Professor Winroth specializes in the history of medieval Europe, especially religious, intellectual and legal history as well as the Viking Age. He teaches both halves of the survey lecture course in medieval history, seminars in religious, legal, intellectual, and Scandinavian history. His new book, The Conversion of Scandinavia: Vikings, Merchants, and Missionaries in the Remaking of Northern Europe, argues for a radically new interpretation of the conversion of Scandinavia from paganism to Christianity in the early Middle Ages (Yale Press, December 2011).
In 2003, Winroth was named a MacArthur Fellow by the John D. and Catherine T. MacArthur Foundation, which honors individuals for the originality and creativity of their work and the potential to do more in the future. MacArthur Fellows receive $500,000 in support over five years. The funding can be used in any way the recipients choose.
The MacArthur Foundation cited Winroth’s research of “the development of medieval canon law, an important intellectual antecedent to contemporary legal reasoning.”
Winroth published The Making of Gratian’s Decretum in 2000. The Decretum was the first scholastic canon law textbook produced in the Middle Ages.
Winroth is credited with showing that manuscripts previously thought to be abbreviations of the standard text are actually early versions of the text. “This painstaking analysis would have been impossible absent his mastery of canon law, command of medieval Latin, and aptitude for paleographic reconstruction of materials that exist primarily in the form of unedited medieval manuscripts,” the MacArthur Foundation stated. “By reversing the chronology of the earliest publications in canon law, Winroth opens new avenues for interpreting its origins and development.”
Professor Jon Butler, former chair of the History Department, said, “Anders is a simply stunning scholar and wonderfully warm, humane person. His ingenuity and discipline flow naturally out of a personal graciousness that makes him a marvelous teacher and colleague. By honoring our most creative, path-breaking scholars, MacArthur Fellowships remind us all of academia’s principal purpose—the pursuit of knowledge and learning in the pursuit of truth and human dignity.”
Winroth, who learned of his honor through a surprise phone call from the MacArthur Foundation, was one of 24 MacArthur Fellows for 2003.
“The annual announcement of the MacArthur Fellows is a special opportunity to celebrate the creative individual in our midst,” said Jonathan F. Fanton, president of the MacArthur Foundation. “The new MacArthur Fellows illustrate the foundation’s conviction that talented individuals, free to follow their insights and instincts, will make a difference in shaping the future.” The foundation’s board of directors choose MacArthur Fellows based on the recommendations of a selection committee and several hundred nominators. The committee members and nominators serve anonymously.
“To receive this fellowship, many people must have believed in my potential to do more things,” Winroth said. “There are people out there who must have recommended me, others who evaluated my work. I have a responsibility to them and to the foundation now.”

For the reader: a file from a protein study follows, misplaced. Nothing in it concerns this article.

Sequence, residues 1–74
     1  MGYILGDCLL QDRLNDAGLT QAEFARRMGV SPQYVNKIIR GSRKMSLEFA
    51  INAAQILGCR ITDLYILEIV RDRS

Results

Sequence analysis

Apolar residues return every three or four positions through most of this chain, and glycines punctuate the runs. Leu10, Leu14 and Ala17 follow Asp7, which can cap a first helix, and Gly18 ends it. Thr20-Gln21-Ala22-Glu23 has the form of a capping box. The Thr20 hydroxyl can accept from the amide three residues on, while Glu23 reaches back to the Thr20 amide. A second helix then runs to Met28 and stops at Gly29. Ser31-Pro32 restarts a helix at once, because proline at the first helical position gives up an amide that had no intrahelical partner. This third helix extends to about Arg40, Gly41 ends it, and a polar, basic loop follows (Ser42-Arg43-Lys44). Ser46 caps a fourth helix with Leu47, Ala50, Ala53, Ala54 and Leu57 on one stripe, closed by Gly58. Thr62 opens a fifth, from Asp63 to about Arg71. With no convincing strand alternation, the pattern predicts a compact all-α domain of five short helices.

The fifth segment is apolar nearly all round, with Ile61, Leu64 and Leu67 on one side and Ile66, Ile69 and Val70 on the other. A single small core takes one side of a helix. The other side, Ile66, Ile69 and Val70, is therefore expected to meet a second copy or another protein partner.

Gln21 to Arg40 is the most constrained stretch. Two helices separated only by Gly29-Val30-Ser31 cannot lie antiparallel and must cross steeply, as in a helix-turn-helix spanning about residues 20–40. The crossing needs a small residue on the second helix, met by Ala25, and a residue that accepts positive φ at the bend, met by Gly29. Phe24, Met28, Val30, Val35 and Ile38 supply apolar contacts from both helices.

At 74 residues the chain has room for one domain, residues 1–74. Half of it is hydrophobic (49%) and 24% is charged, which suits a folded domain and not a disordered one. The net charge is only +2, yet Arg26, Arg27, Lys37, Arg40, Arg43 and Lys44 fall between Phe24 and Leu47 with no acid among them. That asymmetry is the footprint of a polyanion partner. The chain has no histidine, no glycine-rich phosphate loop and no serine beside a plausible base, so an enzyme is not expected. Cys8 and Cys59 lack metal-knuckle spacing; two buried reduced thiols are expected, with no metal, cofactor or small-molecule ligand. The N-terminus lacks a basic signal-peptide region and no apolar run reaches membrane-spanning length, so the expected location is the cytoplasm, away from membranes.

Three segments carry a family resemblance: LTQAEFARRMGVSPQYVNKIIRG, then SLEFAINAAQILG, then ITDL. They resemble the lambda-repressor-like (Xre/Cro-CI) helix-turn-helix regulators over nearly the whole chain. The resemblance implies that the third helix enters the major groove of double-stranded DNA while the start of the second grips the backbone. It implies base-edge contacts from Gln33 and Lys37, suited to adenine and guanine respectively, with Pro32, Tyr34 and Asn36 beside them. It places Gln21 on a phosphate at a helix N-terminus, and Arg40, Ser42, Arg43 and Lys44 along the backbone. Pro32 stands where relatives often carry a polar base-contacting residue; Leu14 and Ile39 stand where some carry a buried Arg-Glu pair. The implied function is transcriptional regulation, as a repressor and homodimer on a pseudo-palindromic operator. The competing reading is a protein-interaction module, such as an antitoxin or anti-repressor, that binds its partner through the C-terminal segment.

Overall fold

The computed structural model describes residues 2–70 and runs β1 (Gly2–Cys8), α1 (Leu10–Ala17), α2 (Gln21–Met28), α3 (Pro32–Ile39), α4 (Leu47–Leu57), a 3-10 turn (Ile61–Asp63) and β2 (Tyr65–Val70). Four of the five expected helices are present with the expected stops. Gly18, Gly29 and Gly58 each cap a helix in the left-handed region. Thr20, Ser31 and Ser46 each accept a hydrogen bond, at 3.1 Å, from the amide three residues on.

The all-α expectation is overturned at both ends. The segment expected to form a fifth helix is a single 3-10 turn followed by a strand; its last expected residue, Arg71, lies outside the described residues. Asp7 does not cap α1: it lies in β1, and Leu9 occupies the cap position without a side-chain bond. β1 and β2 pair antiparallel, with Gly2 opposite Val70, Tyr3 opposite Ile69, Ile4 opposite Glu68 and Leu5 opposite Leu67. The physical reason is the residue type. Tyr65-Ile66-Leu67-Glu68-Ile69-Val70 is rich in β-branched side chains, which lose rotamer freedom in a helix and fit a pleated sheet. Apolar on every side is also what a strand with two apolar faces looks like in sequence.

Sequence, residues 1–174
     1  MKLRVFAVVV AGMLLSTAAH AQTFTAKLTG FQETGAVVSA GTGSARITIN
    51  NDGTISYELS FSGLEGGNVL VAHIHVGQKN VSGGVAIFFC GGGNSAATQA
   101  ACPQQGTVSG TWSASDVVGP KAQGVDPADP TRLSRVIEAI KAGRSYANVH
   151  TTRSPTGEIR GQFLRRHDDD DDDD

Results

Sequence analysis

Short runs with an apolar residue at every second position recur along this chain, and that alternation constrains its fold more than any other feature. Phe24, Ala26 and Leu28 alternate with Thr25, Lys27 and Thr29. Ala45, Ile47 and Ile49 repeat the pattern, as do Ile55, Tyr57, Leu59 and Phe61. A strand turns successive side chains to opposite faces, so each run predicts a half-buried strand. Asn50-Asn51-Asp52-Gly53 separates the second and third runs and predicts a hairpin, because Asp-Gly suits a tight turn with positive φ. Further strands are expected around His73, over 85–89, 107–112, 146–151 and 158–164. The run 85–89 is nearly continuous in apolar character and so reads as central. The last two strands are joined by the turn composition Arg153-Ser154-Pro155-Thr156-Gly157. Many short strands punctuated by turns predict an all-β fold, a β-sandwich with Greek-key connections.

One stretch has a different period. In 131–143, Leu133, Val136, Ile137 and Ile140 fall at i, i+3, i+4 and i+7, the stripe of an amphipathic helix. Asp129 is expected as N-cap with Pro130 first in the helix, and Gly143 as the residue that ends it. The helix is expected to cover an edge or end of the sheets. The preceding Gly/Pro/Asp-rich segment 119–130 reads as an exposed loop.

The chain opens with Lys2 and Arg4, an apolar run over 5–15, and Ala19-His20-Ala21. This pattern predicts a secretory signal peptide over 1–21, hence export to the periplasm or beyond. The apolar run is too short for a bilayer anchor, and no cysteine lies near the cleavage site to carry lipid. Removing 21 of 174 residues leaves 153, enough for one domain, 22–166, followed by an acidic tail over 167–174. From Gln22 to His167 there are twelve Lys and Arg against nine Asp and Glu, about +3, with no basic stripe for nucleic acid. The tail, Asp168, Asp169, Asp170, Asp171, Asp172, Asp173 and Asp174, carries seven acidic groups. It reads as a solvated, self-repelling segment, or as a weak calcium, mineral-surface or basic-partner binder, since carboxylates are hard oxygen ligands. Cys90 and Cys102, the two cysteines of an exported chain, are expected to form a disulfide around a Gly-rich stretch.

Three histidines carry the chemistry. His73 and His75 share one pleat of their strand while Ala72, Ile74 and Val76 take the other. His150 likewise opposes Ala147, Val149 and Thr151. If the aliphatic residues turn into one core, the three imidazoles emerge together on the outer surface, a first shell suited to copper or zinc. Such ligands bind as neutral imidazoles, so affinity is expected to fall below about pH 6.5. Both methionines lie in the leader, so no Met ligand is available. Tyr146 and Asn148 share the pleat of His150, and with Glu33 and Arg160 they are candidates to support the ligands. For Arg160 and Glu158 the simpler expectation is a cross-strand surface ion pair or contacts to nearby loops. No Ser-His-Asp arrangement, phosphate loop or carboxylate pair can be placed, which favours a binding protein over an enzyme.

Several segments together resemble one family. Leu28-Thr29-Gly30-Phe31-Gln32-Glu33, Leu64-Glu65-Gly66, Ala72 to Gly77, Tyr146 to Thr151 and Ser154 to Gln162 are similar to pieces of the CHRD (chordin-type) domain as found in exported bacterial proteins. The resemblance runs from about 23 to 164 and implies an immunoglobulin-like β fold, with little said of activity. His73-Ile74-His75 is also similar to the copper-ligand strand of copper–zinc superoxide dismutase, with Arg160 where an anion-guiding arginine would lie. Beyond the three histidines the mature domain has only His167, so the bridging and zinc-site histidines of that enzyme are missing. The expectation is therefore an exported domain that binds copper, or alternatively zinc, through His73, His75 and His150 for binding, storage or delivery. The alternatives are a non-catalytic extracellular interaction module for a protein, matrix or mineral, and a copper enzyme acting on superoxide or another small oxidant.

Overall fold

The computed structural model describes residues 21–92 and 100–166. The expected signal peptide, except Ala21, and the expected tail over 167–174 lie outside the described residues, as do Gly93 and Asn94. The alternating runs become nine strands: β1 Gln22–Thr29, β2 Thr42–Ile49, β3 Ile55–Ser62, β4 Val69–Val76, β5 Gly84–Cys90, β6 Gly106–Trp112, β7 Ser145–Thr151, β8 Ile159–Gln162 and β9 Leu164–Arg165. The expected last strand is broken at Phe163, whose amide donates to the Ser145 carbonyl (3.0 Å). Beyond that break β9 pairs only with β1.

In 2003, Winroth’s book on the Decretum was awarded the Samuel and Ronnie Heyman Prize for Outstanding Scholarly Publication by Yale University. Then Dean of Yale College Richard H. Brodhead motivated the award: “In the judgment of the referees, the book is a remarkable piece of hard-headed academic detective work that changes our understanding of the Middle Ages in a significant way.” The book was also given the prestigious John Nicholas Brown Prize by the Medieval Academy of America in 2004.
Winroth is co-editor of Canon Law, Religion, and Politics: Liber Amicorum Robert Somerville (2012) and Charters, Cartularies, and Archives: The Preservation and Transmission of Documents in the Medieval West (2002). His research is focused on the cultural, intellectual and legal history of the European High Middle Ages and on the economic and social history of early medieval Scandinavia.
Winroth received his Ph.D. from Columbia University in 1996 and was the Sir James Knott Research Fellow at the University of Newcastle-upon-Tyne 1996-1998. He joined the Yale faculty as an assistant professor in 1998, was promoted to associate professor in 2003 and to full professor in 2004. He was the chair of the Medieval Studies Program 2005-2007.
HIST 800, HSAR 746, MDVL 565
The world in the year 1000, when the different regions of the world participated in complex networks. Archaeological excavations reveal that the Vikings reached L’Anse aux Meadows, Canada, at roughly the same time that the Kitan people defeated China’s Song dynasty and established a powerful empire stretching across the grasslands of Eurasia. Viking chieftains donned Chinese silks while Chinese princesses treasured Baltic amber among their jewelry. In what is now the American Southwest, the people of Chaco Canyon feasted on tropical chocolate, while the lords of Chichen Itza wore New Mexican turquoise—yet never knew the Huari lords of the central Andes. In this seminar, students read interpretative texts based on archaeology and primary sources, prepare projects in teams, work with material culture, and develop skills of cross-cultural analysis. Mandatory field trip to the Metropolitan Museum of Art in New York on Saturday, January 21.